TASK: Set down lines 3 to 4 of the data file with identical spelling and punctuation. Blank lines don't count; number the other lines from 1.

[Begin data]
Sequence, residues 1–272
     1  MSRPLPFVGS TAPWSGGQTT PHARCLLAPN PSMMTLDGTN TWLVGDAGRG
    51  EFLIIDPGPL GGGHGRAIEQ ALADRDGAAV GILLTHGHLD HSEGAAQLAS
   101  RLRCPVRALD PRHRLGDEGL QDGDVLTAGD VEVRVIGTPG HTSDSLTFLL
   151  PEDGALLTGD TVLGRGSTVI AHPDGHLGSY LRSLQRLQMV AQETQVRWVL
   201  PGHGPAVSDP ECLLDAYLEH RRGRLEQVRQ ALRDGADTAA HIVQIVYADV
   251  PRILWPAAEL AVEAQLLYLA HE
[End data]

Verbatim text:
    51  EFLIIDPGPL GGGHGRAIEQ ALADRDGAAV GILLTHGHLD HSEGAAQLAS
   101  RLRCPVRALD PRHRLGDEGL QDGDVLTAGD VEVRVIGTPG HTSDSLTFLL